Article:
In this day and age, it's (thankfully) rare to find organizations that haven't adopted git for their version control needs. In fact, one of the most common conversations I have when we start talking to folks about Acquia Code Studio usually goes something like this... "Well, our organization is already setup to use <insert your git provider of choice. Can we still use Code Studio?" The short answer is yes! But, as with most things there's a much longer answer, and this article is going to dive into one of my favorite Gitlab features (which gets us to that yes): Repository Mirroring.
What is Repository Mirroring
Repository Mirroring is a concept that slips into any existing git / development / devops workflow you might already have in place. Essentially, this process takes whatever you do in your repository and "mirrors" it into one (or more) other repositories. Here's a quick, real world example:
Let's imagine a team of developers working in Code Studio. A developer on that team opens a merge request (MR), which in turn kicks off the CI/CD workflow in pipelines. Once the build has passed and the tech lead has reviewed the work, the MR is merged and the commits ultimately end up in the repository's develop branch.
Pretty basic (and hopefully familiar), right? Now, let's imagine that this Code Studio repository has a mirrored twin living out in the organization's Github. When the MR gets merged into the Code Studio develop branch, the Repository Mirroring feature will "mirror" that commit from the Code Studio repo out into the Github repo.
The end result is that the organization's Github repository stays in sync with the Code Studio repository but the development team only has to work in one location.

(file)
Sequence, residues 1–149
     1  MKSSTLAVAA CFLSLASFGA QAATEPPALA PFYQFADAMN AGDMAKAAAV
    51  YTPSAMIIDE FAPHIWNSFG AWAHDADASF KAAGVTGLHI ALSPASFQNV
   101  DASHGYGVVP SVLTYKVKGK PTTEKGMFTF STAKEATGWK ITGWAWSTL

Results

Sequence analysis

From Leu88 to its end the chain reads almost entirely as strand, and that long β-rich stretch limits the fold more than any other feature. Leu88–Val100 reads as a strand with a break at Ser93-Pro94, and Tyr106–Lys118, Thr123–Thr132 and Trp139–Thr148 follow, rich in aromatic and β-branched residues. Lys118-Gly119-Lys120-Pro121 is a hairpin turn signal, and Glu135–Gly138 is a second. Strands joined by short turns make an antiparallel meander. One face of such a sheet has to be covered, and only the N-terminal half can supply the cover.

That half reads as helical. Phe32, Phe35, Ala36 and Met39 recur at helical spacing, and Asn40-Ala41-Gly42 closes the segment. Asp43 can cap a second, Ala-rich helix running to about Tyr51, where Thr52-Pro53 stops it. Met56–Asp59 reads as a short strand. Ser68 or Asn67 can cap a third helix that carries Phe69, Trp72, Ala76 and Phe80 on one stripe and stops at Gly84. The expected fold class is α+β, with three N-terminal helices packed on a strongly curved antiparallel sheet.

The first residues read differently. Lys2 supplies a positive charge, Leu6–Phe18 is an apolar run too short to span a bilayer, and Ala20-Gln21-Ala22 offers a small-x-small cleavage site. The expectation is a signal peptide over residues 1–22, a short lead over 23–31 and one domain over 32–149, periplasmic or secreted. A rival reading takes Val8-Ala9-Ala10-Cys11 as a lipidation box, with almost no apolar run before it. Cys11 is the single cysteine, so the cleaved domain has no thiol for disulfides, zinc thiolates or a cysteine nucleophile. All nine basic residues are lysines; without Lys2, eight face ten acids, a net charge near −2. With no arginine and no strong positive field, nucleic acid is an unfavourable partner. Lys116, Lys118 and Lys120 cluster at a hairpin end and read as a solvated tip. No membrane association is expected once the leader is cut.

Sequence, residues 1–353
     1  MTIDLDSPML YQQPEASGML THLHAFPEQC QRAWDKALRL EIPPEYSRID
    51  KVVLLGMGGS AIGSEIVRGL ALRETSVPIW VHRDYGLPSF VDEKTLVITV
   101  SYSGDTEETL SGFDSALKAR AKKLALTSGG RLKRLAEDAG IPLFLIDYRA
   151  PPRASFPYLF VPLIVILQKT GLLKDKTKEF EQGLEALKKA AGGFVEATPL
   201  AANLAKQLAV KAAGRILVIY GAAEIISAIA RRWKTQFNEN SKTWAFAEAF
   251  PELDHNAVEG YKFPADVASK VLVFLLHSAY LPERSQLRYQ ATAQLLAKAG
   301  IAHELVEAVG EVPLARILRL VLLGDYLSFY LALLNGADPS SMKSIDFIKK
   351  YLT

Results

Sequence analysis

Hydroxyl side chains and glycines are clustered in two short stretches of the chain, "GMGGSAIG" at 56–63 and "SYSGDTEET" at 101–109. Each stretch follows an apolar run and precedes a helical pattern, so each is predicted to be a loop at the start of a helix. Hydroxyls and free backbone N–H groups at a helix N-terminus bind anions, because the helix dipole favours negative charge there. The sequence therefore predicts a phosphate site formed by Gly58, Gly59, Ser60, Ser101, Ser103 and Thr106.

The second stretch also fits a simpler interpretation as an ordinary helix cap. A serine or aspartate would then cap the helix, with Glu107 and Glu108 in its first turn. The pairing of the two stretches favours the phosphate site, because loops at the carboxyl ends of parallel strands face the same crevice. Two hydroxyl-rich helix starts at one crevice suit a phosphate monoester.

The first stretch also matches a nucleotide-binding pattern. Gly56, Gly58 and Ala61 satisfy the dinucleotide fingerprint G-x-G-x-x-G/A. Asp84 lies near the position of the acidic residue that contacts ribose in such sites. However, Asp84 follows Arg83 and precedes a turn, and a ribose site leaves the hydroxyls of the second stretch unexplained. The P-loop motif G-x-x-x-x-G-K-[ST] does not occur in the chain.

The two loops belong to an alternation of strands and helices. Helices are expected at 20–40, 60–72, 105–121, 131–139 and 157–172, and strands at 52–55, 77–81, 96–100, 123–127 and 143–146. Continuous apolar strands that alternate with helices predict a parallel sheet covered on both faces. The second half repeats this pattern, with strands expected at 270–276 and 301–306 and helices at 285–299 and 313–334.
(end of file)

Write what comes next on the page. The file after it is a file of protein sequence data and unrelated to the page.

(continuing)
Why Should You Use Repository Mirroring?
One of the biggest advantages of using Code Studio over other CI/CD tools is that Acquia maintains the build scripts and secure connection into Acquia hosting. However, to take advantage of these (and other) features in Code Studio, your code needs to live in a Code Studio git repository. For some organizations, this is no barrier to entry! For some of our customers though, they have existing repositories being hosted elsewhere that they cannot easily move (due to their own internal policies). Repository Mirroring is a great solution for this as it lets you have the best of both worlds. On the one hand, you get all the benefits of Code Studio (as your team will be working in Code Studio). On the other hand, you will still have all your code stored in your organization's git repository outside of Code Studio (kept up to date by the mirroring feature).
How to Configure Repository Mirroring
Repository Mirroring is a very simple feature to setup in Code Studio, but you do need to have elevated access to both repositories to successfully implement this feature.
First, you'll want to visit the repo in Code Studio that you want to mirror. You will need to be an administrator in this repo! Click on Settings in your left sidebar and then select Repository.
From this page, you’ll want to find and expand the Repository Mirroring section.
Setting up the mirroring process requires a few pieces of information:
- The URL of the Git repository
- The username of the account that will push
- A token for that user (instead of your password)
The token must be configured on the Github side to allow for pushing to the repository.
Once the config is in place, you will no longer need to touch the mirrored repository. All of your actions taken in Code Studio will automatically be pushed out to the mirrored repository.